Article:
hipster racism

This is a good article. The tone and subject matter border a bit on what I find annoying about stuffwhitepeoplelike (the overly self-aware self/race-loathing), but a lot of it hits pretty close to home.

I just saw this exchange on twitter:

[radleybalko] Acoustic covers of rap songs? Racist. And most jokes. And visiting ethnic neighborhoods. You're keeping a list, right? http://t.co/lJKvvcDZ
[@GeeDee215] @radleybalko eh, i think she's referring to the mocking tone that those covers so often take.
[@jbouie] @GeeDee215 @radleybalko right, quite a few of those covers come with a weird sense "isn't this so quaint?"
[@radleybalko] .@jbouie @GeeDee215 Sure. But it's hardly racist. It's like when a punk band covers a country song. Or a bluegrass band does Slayer.

The problem here, as I pointed out on twitter, is that it's not quite the same thing because the phenomenon is far, far more pervasive than a bluegrass band doing a quirky cover. There's practically an entire genre of white people being oh-so-hilariously not-black.

I had a conversation recently with someone about the similar/intertwined phenomenon of white girls throwing gang signs and acting mock-gangsta (as observed in the above jezebel article). I was finally able to narrow down what it is about this that makes it so incredibly annoying. Basically: it's racist as shit. But it's a very insidious and clever sort of racism. It's racism couched in the language of self-deprecation. Ha ha, look at me! I'm so not black! It's hilarious self-deprecation, so it's okay, right? But it's not, really. All it is, really, is a clever re-hash of overt mockery of an Other -- in this case, black people and culture. And this whole phenomenon is inextricably linked with the mock hiphop/gangsta thing. It was sortof funny, possibly, the first time a white person covered NWA with an acoustic guitar, you know, in 1996. Maybe. Now it's a horse that's been beaten to a pulp. A racist horse!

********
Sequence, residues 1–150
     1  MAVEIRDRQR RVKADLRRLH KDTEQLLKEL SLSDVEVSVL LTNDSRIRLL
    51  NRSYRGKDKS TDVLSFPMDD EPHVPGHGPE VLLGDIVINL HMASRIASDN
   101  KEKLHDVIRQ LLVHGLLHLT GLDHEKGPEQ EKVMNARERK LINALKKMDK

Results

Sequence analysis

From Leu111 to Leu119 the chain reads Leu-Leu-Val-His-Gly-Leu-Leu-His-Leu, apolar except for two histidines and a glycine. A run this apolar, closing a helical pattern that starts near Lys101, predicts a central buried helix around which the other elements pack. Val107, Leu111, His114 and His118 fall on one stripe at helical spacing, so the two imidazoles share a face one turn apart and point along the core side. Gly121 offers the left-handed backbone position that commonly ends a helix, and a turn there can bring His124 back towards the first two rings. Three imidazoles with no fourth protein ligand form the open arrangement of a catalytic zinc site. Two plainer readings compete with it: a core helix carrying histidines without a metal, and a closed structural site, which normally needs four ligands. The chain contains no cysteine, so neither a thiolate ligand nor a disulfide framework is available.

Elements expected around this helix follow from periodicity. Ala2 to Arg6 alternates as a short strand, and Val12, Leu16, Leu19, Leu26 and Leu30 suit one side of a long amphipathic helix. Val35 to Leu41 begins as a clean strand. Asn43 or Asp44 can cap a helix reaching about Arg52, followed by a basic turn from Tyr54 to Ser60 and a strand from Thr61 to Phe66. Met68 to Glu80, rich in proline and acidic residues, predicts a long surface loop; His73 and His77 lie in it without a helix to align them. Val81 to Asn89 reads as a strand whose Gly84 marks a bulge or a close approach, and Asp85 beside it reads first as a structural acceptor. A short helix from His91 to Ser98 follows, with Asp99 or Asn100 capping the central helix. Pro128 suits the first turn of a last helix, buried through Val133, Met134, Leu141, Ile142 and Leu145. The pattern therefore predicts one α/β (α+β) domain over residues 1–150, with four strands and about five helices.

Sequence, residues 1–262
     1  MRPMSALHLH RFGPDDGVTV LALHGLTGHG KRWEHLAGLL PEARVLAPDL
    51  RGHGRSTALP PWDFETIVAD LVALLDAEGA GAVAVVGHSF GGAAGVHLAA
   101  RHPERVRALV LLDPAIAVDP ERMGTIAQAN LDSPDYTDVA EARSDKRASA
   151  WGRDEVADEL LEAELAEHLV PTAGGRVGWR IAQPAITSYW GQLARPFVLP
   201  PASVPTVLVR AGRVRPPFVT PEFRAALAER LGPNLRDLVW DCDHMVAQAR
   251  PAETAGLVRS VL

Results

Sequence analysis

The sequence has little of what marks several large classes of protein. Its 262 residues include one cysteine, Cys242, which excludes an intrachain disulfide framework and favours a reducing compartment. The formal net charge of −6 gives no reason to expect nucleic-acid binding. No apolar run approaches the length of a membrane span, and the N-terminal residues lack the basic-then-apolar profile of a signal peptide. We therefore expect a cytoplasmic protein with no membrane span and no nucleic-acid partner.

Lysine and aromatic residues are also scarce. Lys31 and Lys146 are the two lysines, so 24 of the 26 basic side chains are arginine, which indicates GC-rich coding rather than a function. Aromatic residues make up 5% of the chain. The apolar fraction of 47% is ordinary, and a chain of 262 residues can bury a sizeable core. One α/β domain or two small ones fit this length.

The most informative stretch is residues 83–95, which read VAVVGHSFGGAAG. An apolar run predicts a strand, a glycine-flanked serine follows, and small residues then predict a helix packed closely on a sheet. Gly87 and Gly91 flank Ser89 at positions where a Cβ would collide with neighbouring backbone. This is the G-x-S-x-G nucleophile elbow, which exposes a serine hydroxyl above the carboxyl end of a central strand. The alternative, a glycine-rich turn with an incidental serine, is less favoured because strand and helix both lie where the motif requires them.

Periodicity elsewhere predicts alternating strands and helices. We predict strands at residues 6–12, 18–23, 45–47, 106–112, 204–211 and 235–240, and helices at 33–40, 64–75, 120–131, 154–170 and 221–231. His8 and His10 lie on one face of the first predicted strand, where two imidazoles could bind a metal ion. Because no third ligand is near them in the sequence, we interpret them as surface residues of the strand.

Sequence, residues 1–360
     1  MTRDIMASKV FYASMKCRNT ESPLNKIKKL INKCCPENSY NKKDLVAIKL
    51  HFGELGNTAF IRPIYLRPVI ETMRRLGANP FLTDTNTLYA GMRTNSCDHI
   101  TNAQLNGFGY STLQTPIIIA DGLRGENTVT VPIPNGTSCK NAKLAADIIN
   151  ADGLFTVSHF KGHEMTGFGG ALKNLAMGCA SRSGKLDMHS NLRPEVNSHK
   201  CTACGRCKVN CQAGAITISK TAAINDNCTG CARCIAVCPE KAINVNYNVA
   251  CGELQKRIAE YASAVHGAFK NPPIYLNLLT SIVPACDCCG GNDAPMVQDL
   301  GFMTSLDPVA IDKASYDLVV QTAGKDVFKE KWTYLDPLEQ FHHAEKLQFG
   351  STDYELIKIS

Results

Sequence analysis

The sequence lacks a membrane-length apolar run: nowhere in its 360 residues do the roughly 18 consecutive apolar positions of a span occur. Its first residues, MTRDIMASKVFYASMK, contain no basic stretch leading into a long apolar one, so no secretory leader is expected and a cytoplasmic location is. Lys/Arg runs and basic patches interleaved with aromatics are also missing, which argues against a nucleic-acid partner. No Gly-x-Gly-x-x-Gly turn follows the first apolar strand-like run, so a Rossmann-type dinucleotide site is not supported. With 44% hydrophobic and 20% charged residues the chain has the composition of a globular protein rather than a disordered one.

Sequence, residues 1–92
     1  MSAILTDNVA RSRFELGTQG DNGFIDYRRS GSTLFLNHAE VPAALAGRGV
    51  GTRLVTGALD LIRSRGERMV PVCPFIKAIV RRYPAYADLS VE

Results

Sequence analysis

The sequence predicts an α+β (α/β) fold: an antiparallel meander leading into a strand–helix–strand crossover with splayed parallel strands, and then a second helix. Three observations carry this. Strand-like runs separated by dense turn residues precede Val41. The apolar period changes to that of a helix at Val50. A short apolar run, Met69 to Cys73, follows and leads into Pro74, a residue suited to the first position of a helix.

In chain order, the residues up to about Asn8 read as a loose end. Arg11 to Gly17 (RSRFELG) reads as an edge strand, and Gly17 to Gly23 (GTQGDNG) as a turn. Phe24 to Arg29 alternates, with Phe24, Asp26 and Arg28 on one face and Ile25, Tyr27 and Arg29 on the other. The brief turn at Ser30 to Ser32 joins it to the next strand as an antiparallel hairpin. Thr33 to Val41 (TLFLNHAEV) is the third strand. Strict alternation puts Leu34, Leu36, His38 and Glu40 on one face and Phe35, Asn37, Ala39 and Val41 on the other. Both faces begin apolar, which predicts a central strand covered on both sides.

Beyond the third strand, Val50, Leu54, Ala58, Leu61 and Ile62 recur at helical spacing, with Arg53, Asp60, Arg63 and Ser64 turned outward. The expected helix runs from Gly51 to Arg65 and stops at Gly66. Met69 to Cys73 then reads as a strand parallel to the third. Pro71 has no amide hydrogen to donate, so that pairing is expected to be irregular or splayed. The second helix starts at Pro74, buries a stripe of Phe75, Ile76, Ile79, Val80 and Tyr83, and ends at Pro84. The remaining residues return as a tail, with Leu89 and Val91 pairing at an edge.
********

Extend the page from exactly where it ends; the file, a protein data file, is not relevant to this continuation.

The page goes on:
I'm not saying anyone that has thrown a gang sign or imitated Tupac (i do a really good tupac impression*) is a sheet-wearing cross-burner, but you should think about what you're doing anyway and maybe not do it.

* No I don't.

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  • http://twitter.com/IAmRoot Roger X

    I respecfully disagree with you.  Dave Chappelle would often put on whiteface and mock white people on his show. I laughed my ass off. Am I now a racist for thinking he was funny?  Which “other” am I a part of?  I think it is the open cultural tweaking of ALL stereotypes that helps cultural (including racial) progress in this country. It’s the context that matters. Music and humor are contexts meant to explore any and all ideas, and should be scrutinized, to be sure — but the de facto position “these white hipsters singing hip hop are mocking black people” is short-sighted when it’s cultural tweaking – EVERYBODY is an “Other” of some form or another.  Exploring otherness in a humorous, even as you say, mocking way, is not on its face racist– in fact I contend, again, it is necessary for ending “Other”ness.  It may be in poor taste, it may deserve to be discussed, called out.  But you can’t say, in effect, that one group of people has no freedom to tweak any cultural stereotypes… without hurting the marketplace of ideas and setting back the grand, open discussion of society about 50 years.  We’ve moved beyond that simplistic point of view. It’s more nuanced now. It’s getting better. We need to keep sticking with that.

  • http://womenshealthnews.wordpress.com/ RachelW

    I think saying “Dave Chappelle did it, too” pretty well ignores the power dynamic and predominant directionality of racism being explored here. See also: http://derailingfordummies.com/complete.html#playfair 

  • Freeman

    The same herd girls flashing gang signs today would have been dying their hair black and trying to act all Pat Benetar, if they grew up in the 80s.  Thug culture just happens to be this generation’s version of cool.  If it’s doing anything for culture relations, it’s helping it—granted, in a twisted sort of way.  But black culture is no longer the “other” that the dominant culture defines itself against.  It’s now the cool thing to embrace and racism is becoming the un-enlightened “other” to be rejected.  Flaws?  Sure.  Progress?  Definitely.  I still remember a time when MTV wouldn’t play any black artists.

  • http://profile.yahoo.com/U2VHFV2LOEN3RXJLDSU4VPGQCA Scissor

    Actually, you know where the real racism is? In this article. In the same old, “This is our thing and your skin color means you can’t be part of it” racism that’s always existed. That’s where the racism is.